(Adds details on poison pill, share activity)
By Phil Wahba and Siddharth Cavale
Jan 28 J.C. Penney Co Inc said on
Tuesday it extended its poison pill until 2017, and lowered the
threshold at which it would dilute the holdings of any
shareholder, to prevent a takeover of the department store
The retailer lowered the trigger of its shareholder rights
plan, as poison pills are formally known, to 4.9 percent from 10
percent, saying that would "reduce the likelihood" of an
That will preserve its ability to use its net operating loss
carryforwards to offset future profits and lower its tax bills
as allowed under the U.S. tax code, it said.
Penney said it has $2 billion in net operating loss
Penney, struggling to revive sales after a disastrous
attempt in 2012 to move upmarket, in August put in place a
one-year "poison pill" aimed at thwarting any "abusive takeover"
attempts by limiting any single investor's holdings to 10
percent. At the time, several hedge funds had taken large stakes
in the retailer.
Penney said that current shareholders owning more than 4.9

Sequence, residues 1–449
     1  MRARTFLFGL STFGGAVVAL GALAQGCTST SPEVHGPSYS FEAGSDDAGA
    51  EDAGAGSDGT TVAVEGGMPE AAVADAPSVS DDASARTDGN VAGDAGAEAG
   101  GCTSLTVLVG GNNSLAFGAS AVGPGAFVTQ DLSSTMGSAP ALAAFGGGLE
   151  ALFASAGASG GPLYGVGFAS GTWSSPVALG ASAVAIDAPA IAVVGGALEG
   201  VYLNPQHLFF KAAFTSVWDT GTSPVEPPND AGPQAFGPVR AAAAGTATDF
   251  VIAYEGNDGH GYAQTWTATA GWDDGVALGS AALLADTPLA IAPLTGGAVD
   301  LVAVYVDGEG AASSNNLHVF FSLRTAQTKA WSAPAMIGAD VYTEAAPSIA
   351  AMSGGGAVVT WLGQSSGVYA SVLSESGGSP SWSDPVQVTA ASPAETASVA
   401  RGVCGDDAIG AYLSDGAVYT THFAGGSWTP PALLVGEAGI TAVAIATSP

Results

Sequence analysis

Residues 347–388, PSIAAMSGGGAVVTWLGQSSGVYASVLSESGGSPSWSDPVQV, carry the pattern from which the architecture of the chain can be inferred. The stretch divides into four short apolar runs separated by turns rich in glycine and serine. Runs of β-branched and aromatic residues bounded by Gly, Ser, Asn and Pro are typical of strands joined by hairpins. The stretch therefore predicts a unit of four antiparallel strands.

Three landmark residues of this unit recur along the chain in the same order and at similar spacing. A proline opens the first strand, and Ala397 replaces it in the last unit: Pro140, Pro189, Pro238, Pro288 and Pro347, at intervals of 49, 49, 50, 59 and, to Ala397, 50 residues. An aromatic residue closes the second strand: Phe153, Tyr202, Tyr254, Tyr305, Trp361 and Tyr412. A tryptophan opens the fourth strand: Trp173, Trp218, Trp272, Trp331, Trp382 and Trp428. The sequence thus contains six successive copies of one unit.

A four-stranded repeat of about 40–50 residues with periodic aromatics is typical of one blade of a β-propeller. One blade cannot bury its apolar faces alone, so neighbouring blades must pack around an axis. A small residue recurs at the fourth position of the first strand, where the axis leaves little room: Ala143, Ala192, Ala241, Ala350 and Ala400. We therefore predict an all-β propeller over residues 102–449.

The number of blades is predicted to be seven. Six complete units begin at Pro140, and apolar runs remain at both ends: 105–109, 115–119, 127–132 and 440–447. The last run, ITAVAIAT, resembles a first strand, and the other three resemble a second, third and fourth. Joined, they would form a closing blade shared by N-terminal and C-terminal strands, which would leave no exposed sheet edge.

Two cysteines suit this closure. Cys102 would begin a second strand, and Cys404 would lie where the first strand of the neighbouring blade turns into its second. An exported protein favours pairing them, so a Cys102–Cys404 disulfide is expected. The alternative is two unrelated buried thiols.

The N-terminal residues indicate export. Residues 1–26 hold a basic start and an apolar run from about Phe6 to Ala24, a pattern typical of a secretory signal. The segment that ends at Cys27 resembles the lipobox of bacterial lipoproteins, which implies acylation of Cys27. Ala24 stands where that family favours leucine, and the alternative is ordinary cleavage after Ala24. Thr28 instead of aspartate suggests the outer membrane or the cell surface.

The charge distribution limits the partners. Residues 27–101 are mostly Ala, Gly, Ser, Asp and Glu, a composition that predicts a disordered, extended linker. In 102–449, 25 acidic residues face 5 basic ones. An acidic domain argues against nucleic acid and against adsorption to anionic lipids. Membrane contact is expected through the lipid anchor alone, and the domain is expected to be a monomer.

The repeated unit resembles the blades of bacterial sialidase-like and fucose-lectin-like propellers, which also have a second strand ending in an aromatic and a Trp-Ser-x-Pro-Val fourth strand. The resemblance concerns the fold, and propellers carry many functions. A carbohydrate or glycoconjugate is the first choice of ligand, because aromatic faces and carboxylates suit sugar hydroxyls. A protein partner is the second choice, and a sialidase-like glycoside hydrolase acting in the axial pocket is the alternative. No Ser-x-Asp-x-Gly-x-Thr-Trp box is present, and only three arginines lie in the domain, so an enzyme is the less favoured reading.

percent of shares will only trigger the poison pill if they
increase their stake.
State Street Global Advisors, Soros Fund Management and The
Vanguard Group are the only investors right now with a stake
above the new threshold, according to Thomson Reuters data,
The poison pill, initially set to expire in August 2014,
will be valid until January 26, 2017 unless shareholder vote
against it at the annual meeting in May.
Wall Street analysts expect Penney to report a $1.86 billion
loss for the fiscal year ending this week, according to Thomson
Reuters I/B/E/S. It will report earnings in late February.
Penney shares rose 0.3 percent to $6.53 in early trading on
Tuesday. In October, they hit $6.24, their lowest since 1981.
(Reporting by Phil Wahba in New York and Siddharth Cavale in
Bangalore; Editing by Saumyadeb Chakrabarty and Nick Zieminski)